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Auditory-motor integration influences on speech motor control and fluency: a comparison of normally fluent speakers and people who stutter

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Title: Auditory-motor integration influences on speech motor control and fluency: a comparison of normally fluent speakers and people who stutter
Author(s): Chon, Hee-Cheong
Director of Research: Ambrose, Nicoline G.
Doctoral Committee Chair(s): Ambrose, Nicoline G.; Loucks, Torrey
Doctoral Committee Member(s): Yairi, Ehud; Pandya, Pritesh; Sosnoff, Jacob
Department / Program: Speech & Hearing Science
Discipline: Speech & Hearing Science
Degree Granting Institution: University of Illinois at Urbana-Champaign
Degree: Ph.D.
Genre: Dissertation
Subject(s): stuttering auditory-to-motor integration auditory feedback dependency speech production delayed auditory feedback (DAF) amplified non-delayed auditory feedback speech fluency articulation rate speech motor stability speech motor control normally fluent adults adults who stutter susceptibility to delayed auditory feedback spatio-temporal index (STI) DAF effects
Abstract: The overall purpose of this dissertation was to identify the effects of delayed auditory feedback (DAF) on speech motor stability and speech fluency in normally fluent adults (PWNS) and to compare them with effects on adults who exhibit persistent stuttering. If the auditory processing influences differently the two groups, it might shed light on the basic role of auditory-to-motor integration in speech production. Differences in auditory feedback dependency were also expected between normally fluent individuals who are highly susceptible to DAF and normally fluent individuals who are minimally affected by DAF. Three studies were conducted to (I) subgroup 62 normally fluent males and females based on their responses to DAF during spontaneous conversational speaking and reading tasks, (II) compare responses to DAF between 15 normally fluent adults who showed high stuttering-like disfluencies (SLD) under DAF (High-SLD group), 15 normally fluent adults who showed low SLD under DAF (Low-SLD group), and 15 adults who stutter, and (III) compare the specific effects of DAF on speech motor stability and movement patterns (lower-lip movement) in 11 normally fluent adults versus 11 adults who stutter. Study I revealed that normally fluent participants, as a group, increased the amount of SLD and speech errors (SE), and decreased articulation rate (AR) when speaking under DAF relative to speaking under amplified non-delayed condition (aNAF). Sex had a limited differential effect on other disfluencies (OD) and AR whereas task effects were seen in OD, SE, and AR. Neither sex nor task, however, did influence SLD. Three subgroups, Low, Middle, and High Responders were identified. There were clear differences between the Low and High Responders in that the Low Responders exhibited smaller numbers of SLD and SE as well as faster AR than the High Responders. The Middle Responders revealed task dependency, showing different responses than those exhibited by the Low and High Responders. The results of Study II showed that people who stutter did not reduce SLD counts under DAF condition, a finding that deviates from reports of previous studies. PWS also exhibited higher mean number of SLD than the normally fluent Low-SLD group but similar to that of normally fluent High-SLD group. For all groups, the number of SE was higher and AR was slower under DAF than aNAF. PWS showed larger individual variability in responses to aNAF compared to natural feedback conditions in that some PWS reduced SLD under aNAF condition. Study III revealed significant difference between PWS and PWNS in speech kinematic stabilities, showing that PWS exhibited higher spatio-temporal index (i.e., lower speech motor stability) than PWNS across auditory feedback conditions in four utterance stimuli. PWS, however, yielded higher speech movement stability under aNAF and 25ms-DAF in longer stimuli compared to natural feedback condition. There was no group difference in movement displacement and velocity for opening-closing sequential movements but the patterns were different in each group. PWNS showed lower displacement and velocity under aNAF and DAF compared to natural feedback condition for both opening and closing movements whereas PWS showed higher displacement under DAF than aNAF condition and higher velocity under nNAF than 25ms-DAF. Normally fluent people showed shorter movement duration and faster articulation rate than PWS across auditory feedback and stimuli. This dissertation study has demonstrated different influences of auditory feedback on speech motor control in normally fluent adults and adults who stutter. In both groups, individual variability was obvious. In normally fluent adults, diverse responses to DAF could be explained with different auditory feedback dependency for ongoing speech articulatory production. PWS were more dependent on auditory feedback for speech production, and auditory-to-motor integration under aNAF and short delay feedback conditions helped them to improve speech motor stability.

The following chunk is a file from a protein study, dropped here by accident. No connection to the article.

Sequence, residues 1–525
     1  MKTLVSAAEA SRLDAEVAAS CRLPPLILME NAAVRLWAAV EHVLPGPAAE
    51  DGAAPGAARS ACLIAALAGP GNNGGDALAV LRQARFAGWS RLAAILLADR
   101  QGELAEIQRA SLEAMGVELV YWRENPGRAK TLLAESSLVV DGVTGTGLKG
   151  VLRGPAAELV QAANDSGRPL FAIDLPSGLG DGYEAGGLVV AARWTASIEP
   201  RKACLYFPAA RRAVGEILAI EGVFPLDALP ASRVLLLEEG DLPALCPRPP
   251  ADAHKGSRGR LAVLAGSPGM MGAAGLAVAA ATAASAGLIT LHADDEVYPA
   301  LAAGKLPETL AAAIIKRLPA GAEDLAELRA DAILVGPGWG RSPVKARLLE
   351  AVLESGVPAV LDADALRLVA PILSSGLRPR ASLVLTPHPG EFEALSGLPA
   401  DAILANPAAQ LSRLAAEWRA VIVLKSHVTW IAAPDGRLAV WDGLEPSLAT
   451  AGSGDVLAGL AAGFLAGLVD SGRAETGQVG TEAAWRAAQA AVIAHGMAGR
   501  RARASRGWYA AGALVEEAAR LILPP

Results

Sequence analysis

Issue Date: 2010-05-14
URI: http://hdl.handle.net/2142/15590
Rights Information: Copyright 2010 HEE-CHEONG CHON
Date Available in IDEALS: 2012-05-15
Date Deposited: May 2010
 

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